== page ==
Understanding the difference: claims made vs. occurrence coverage

By Gloria Forbes posted 06-22-2018 15:40

  

CSIA offers its members a unique insurance program that combines professional liability insurance coverage with general liability coverage in a single insurance policy. This combination presents a number of benefits to system integrators. One of those benefits is that it avoids an expensive coverage fight between two insurance companies over whether a claim should be covered under a professional liability policy or a general liability policy. One consequence of combining the two coverages into a single policy is that the policy has two different coverage bases, as the professional liability portion of the policy covers losses on a claims made basis and the general liability portion covers losses on an occurrence basis.

No matter whom you obtain insurance through, it is likely that general liability coverage will be on an occurrence basis while professional liability coverage will be on a claims made basis. This distinction between claims made coverage and occurrence coverage is common throughout the insurance world, but it can still cause understandable confusion. It can also create complications and gaps in coverage if companies fail to understand the distinction.

Put most simply, occurrence based policies cover losses based upon the date on which the event giving rise to the loss happened. Think of a car accident that occurs a few days before an automobile policy is set to renew. Any lawsuit that resulted from the accident would be covered by the automobile policy in effect at the time of the accident, rather than by the renewed policy.

In contrast, a claims made policy does not cover losses based on the policy in effect when any incident giving rise to a claim happened; these policies cover claims based on when the first demand for monetary damages is made to the covered company, although the exact specifics can vary based on the facts giving rise to the claim. This matters mostly in cases where it can take some time between the act of negligence giving rise to the claim and the discovery of the damages caused by it. A loss covered by a professional liability policy might occur two or three years before the policy’s effective date if the damage caused takes a while to discover.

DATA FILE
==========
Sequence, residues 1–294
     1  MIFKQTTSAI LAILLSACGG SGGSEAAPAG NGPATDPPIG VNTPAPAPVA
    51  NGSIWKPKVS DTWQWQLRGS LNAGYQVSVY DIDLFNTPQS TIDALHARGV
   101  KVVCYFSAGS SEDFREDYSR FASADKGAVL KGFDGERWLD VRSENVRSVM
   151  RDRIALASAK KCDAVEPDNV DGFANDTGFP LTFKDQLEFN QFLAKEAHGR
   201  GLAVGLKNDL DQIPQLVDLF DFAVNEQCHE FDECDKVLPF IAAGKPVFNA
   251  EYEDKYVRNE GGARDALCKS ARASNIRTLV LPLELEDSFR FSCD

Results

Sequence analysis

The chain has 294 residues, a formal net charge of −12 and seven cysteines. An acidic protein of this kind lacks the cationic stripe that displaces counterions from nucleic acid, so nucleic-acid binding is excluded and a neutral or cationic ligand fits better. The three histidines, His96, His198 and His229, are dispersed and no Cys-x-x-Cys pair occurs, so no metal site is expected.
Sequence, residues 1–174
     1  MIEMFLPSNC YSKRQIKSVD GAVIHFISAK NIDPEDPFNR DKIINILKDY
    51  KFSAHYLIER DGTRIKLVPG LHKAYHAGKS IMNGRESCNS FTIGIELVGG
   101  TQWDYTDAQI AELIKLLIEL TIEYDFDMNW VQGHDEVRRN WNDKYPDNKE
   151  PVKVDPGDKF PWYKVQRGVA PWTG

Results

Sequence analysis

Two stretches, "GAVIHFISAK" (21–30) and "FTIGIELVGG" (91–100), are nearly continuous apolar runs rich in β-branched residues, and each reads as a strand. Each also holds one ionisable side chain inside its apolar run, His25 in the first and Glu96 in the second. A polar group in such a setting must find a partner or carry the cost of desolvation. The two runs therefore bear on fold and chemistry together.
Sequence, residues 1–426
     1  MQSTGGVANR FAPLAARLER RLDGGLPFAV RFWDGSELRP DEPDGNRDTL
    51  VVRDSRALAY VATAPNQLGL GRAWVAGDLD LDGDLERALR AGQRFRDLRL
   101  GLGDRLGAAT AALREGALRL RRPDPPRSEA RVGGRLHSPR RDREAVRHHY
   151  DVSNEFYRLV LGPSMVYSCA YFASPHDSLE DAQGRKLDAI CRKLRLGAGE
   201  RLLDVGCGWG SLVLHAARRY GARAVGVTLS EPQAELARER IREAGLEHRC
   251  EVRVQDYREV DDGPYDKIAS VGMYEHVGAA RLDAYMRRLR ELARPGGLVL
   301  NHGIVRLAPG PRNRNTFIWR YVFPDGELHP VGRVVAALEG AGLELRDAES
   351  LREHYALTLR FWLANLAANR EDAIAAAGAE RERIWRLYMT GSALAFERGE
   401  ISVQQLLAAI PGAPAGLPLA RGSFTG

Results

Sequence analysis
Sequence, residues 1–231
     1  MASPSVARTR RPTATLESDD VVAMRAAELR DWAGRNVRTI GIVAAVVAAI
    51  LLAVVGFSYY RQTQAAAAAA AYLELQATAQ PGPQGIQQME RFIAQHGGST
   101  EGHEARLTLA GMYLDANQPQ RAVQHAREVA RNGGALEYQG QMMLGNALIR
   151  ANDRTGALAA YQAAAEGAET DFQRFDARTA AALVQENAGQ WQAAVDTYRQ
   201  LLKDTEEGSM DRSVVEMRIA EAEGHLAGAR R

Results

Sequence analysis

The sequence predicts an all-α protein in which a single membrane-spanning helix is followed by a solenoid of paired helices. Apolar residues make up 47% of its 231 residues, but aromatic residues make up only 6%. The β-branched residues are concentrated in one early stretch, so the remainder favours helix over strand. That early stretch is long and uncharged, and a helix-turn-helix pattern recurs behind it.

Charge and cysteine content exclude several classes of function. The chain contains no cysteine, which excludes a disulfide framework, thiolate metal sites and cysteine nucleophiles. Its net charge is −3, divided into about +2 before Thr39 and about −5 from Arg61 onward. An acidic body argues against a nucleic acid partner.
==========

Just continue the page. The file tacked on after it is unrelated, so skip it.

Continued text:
Further complicating claims made policies is coverage for prior acts. This means that the policy will cover a claim made during the current term as look as the act that caused the claim was during the prior act period. This will often appear as a retroactive date. If the act was after the retroactive date and made during the policy term, the claims made policy provides coverage.

In most instances, the statute of limitations will act to protect companies and insurance carriers from claims that occurred a long time ago. The statute of limitations does not begin to run, however, until a company or individual knew or should have known about the injury giving rise to a lawsuit. This creates a potential for policies to cover claims that go back a decade or more in unique situations – a problem particularly aggravated in the medical malpractice field, where it can take twenty years for an incident of malpractice to be discovered. The nature of these types of losses mean professional liability policies can have a long tail, stretching back a long time and making them more risky for insurance carriers. It also means that companies need to consider purchasing tail policies for their coverage when closing up shop or as part of a merger or acquisition. 

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